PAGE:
In Memory of Jak Kamhi
Minna Rozen; October 8, 2020. Sukkot 5781.
Yesterday, I was informed of the passing of Jak Kamhi. Over my years of work, I’ve met many individuals of many different kinds, members of various nations and residents of any number of places. There are some whom I remember vaguely, some I’ve forgotten, a few I remember for good or ill, but a handful left a powerful, indelible impression on me. Jak Bey was one of those. I always called him Jak Bey, even though I knew that was outmoded. He was just that type. One of those individuals of whom the British would say, “He commands respect.”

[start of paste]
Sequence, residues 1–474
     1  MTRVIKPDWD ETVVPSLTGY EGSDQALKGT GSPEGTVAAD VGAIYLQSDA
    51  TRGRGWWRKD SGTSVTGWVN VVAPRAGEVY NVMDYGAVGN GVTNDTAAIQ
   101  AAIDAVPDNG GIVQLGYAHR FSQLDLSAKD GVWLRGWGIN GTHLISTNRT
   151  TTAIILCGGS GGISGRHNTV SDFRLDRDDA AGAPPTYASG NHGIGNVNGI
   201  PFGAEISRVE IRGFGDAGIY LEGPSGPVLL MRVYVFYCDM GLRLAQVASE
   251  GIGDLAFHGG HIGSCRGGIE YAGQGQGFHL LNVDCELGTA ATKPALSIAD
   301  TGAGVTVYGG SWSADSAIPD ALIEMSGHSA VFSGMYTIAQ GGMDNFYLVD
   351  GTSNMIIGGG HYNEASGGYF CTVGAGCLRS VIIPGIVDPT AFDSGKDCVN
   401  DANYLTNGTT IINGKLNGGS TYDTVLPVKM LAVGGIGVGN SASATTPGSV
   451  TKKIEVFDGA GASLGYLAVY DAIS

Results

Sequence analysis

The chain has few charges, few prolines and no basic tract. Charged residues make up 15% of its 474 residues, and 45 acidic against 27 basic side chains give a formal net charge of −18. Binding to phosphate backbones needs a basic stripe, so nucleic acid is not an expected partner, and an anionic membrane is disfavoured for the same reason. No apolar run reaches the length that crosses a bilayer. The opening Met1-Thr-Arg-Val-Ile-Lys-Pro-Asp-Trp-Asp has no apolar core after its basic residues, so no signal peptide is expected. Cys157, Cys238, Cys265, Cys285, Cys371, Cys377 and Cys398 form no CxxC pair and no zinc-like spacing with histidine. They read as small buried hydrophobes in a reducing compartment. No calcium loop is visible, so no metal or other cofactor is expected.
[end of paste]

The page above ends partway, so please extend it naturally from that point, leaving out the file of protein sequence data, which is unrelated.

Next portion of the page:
In the winter of 1987, the late Professor Bernard Lewis called to tell me that on a visit to Istanbul, he’d met a prominent Jewish businessman by the name of Jak Kamhi who had put forward the idea of celebrating the five hundredth anniversary of Spanish Jews’ migration to the Ottoman Empire. That was a time when the Republic of Turkey had a poor image in the Western world. Jak Bey’s idea was that the world was unfamiliar with the humane face of the Ottoman and Turkish history , and an emphasis on that point in time (1492) would help shine a different light on his country. The fact that he chose to go to Professor Lewis was self-explanatory, since Professor Lewis was then the world’s preeminent historian of the Ottoman Empire and had just been appointed director of the Annenberg Research Institute for Judaic and Near Eastern Studies (today part of the University of Pennsylvania) in Philadelphia. Professor Lewis told me that the idea appealed to him. He suggested to Jak Bey that in addition to the festivities, ceremonies, and PR exercises that go without saying in such a plan, he consider a number of sustainable projects—projects that would remain, continue to function, and help incorporate the history and culture of Ottoman and Turkish Jewry in both Turkish and Jewish historical memory. One of the proposals that he made was to document the ancient cemeteries of Turkish Jewry, some more than four hundred years old. These cemeteries contained extraordinary treasures representing Jewish society and culture, and they were in danger of being eradicated by relentless urban expansion. Professor Lewis assessed that this would be an extensive project with which he would be able to help through the institute that he headed. Jak Bey bought into the idea and encouraged Professor Lewis to develop it. In that telephone call, Professor Lewis asked me whether I would be willing to take on the project. We agreed that I would travel to Istanbul for two months and see what could be done there. This is how I met Jak Bey, and this was the beginning of a chapter in my life that lasted eight years. Throughout, I spent long periods in Turkey, always coming and going. That whole time, the attitude that Jak Bey showed toward the project, which ate up quite a bit of money, could be described as nothing but that of a Renaissance patron. Nothing that I could write about the breadth of his knowledge, his generosity, or his nobility would be an exaggeration. Not a single request that I made in his presence was not granted. You need to understand—and Jak Bey understood this very well—that this was a very long-term investment. There was absolutely no guarantee that it would bear fruit in 1992. That was the target date, but a target date that existed mainly on the plane of PR and diplomacy. He had the vision to see beyond that, and a desire to contribute money and energy to things beyond the temporal and the physical. The final result of the project, the bulk of which he financed, was the digital archive of Turkish Jewish cemetery monuments, which recently went live online (https://jewishturkstones.tau.ac.il/). It took thirty years to finish the project, and this would have been impossible without his commitment, his connections, and his material contribution.